I thought after the turn we’d be heading down wind since we’d been going up wind before the turn, but somehow that didn’t work out that way. If anything the headwind was stronger going this way. Eric is a powerful guy and every time the wind picked up, he seemed to put the hammer down – I’m pretty sure it was a deliberate attempt to gap us. We stayed mostly together back under the bridge, and then we hit some waves and we broke up again. I put in a supreme effort to get back on Roger’s stern wake again, but he wasn’t closing on Eric. So I stepped up my game and came around Roger and blasted my way up to Eric’s stern. I realized I was probably towing Roger back to his rival, but that’s not my problem. 

But then we hit some more waves and wind and I started coughing up phlegm. The allergy symptoms had finally started affecting my race. Suddenly I lost Eric’s wake again. But it looked like I’d managed to gap Roger as well. Ok, now it’s a matter of just trying to maintain my pace and not blow up, and maybe I could get back to Eric after the turn when we’re not fighting our way into the wind. Yeah, I’m an optimist. 

There was confusion in my mind about the second turn. The way Brian had described it in the pre-race meeting had left it ambiguous in my mind as to whether we were supposed to go around the island, or just the boat parked in front of the island. Jim and Matt and GT guy and the war canoes had all been so far ahead I couldn’t really tell whether they’d rounded the island or not, but GT guy’s line really looked like he’d circled the island. So I was lined with the shore line ready to go around, and so was Eric, but he actually yelled something to the people on the boat, stopped paddling to listen to their response, and then abruptly turned directly towards them. Ok, I guess we’re not going around the island. Probably just as well, because as it was it looked like the race was going to be longer than advertised. We were expecting a 16 km (10 mile) race, but if my calculations were correct, it was going to be more like 17.5 km.

After the turn, the expected tail wind didn’t happen. It felt like it was a direct beam wind most of the time, with occasional blasts from in front just to make this hard. The waves were from behind but they weren’t giving me any push. My coughing got worse, and Eric continued to pull away. But the two c-4s from earlier came through. Unfortunately Mike wasn’t on their stern wakes any more, but fortunately neither was Roger. Once again, the one I’d been on the side wake of near the beginning came by close enough that I could get on the side wake again, while the other one was a bit ahead but way off to the right side.

The stern paddler on “my” c-4 was nice – she offered me words of encouragement as well as to her own team. The stern in the other c-4 just seemed to be yelling at his paddlers for not working hard enough. I didn’t last long on the side wake, but dropped into her stern wake and got a really nice ride. My heart rate climbed back into the red zone again because it was hard work, but that little bit of help from their stern wake was all it took to get me seeing speeds up near 11 km/hr again. They were slowly and surely catching the other c-4 and it looked like they were bringing me up closer to Eric. I had a little discussion with myself and said that if we did catch Eric, I would not pass him because it would be unfair to beat him using a canoe wake, but I’d be quite happy to glom on to his wake again and finish at the same time as him. As it happened, we didn’t end up catching Eric, so it was a moot point. I was also trying to gasp out some words of encouragement for my tow truck, but I don’t know if they heard me because I was also coughing a fair bit.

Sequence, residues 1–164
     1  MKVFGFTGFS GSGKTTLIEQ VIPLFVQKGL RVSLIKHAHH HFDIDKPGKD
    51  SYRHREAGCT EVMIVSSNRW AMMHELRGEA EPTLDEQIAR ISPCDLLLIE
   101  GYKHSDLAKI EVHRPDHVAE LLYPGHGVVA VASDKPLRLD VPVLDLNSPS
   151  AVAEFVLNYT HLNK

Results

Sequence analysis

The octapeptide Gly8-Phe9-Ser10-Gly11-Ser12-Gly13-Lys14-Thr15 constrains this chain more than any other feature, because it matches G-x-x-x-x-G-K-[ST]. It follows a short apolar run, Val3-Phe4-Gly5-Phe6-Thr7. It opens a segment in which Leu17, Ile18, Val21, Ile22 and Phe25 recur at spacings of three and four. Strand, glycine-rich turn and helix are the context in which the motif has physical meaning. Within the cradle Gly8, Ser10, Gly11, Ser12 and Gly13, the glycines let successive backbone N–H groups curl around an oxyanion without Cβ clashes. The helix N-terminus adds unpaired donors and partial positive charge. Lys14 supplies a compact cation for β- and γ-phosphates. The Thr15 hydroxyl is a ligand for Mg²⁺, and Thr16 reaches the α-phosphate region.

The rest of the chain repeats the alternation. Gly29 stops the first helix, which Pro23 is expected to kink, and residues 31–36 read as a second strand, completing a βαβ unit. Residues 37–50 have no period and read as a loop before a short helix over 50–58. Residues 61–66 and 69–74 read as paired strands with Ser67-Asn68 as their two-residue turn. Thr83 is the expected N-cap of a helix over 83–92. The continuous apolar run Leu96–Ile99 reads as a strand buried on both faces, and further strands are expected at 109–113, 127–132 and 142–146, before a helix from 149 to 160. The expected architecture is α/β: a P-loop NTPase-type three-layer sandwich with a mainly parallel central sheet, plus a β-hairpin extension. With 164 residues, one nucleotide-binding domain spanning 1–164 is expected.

So in the end, Jim won touring class, surprising nobody. GT guy won unlimited, surprising nobody. The c-4 that was towing me beat the guys who’d cut me off way back near the beginning. Eric was powerful and strong and beat me and Roger, coming second in touring class. I’d accomplished everything I’d hoped for at the beginning of the race, beating Roger, beating Mike, and beating seasonal allergies. I’ve got a bit of soreness in the old bronchial tubes as a result, but I also had a great day on a beautiful lake in the sunshine and got to hang out with friends afterwards.

Jim said before race that we should dedicate this day to the memory of Bill Feeney. I think we did him proud.

Lighthouse to Lighthouse 2016

In 2014, Lighthouse to Lighthouse was my first ocean race. They didn’t hold it in 2015 due to problems with permits or something. So when it came back, I was looking forward to it.

In the intervening years, I’ve gotten a lot more experience in waves. I’ve also got really into making videos of my paddle races. So I was really looking forward to not only doing much better this time, but also producing a really nice video. Sadly, neither of those things came to be.

Before the race was great – lots of old friends, people I’ve met in my travels all over the place for surfski paddling. The weather forecast had been for cool temps and semi-overcast conditions, and so I was dressed in my “V-Cold” Vaikobi gear, but it was abundantly clear that it was too warm (and sunny) for that. I changed into a lighter shirt, but retained my V-Cold pants. The part of the forecast that was correct was that the winds would be pretty light, but what winds there were would come almost exactly 90 degrees from the main part of the race course. Ugh. So there would be no swell or wind driven waves to overwhelm the bazillions of small boat waves coming from every direction.

Because my multiple video cameras, and the fact that the one I wear on my head only has two hours and twenty minutes of battery life (just barely enough for the whole race) and because our start wave was 48 minutes after the first start, I took myself away from the hubbub of the start area to just sit by myself on the beach and listen to the start waves. Unfortunately instead of sitting there quietly composing myself for the race and hearing the exact right time to start my cameras, this old guy approached me and started telling me his life history. I had to stop his story before it reached any sort of point because I heard the starter calling out my name – I’d missed the wave before ours going, and now I had literally 2 minutes to get my cameras started and get out to the start line and find a position on the line. And it turns out that in my rush, not only had I managed to not start the camera on my head, I’d also gotten moisture in the camera case so when I finished I found it was fogged, so even if I had started it, I probably wouldn’t have gotten a good video from it.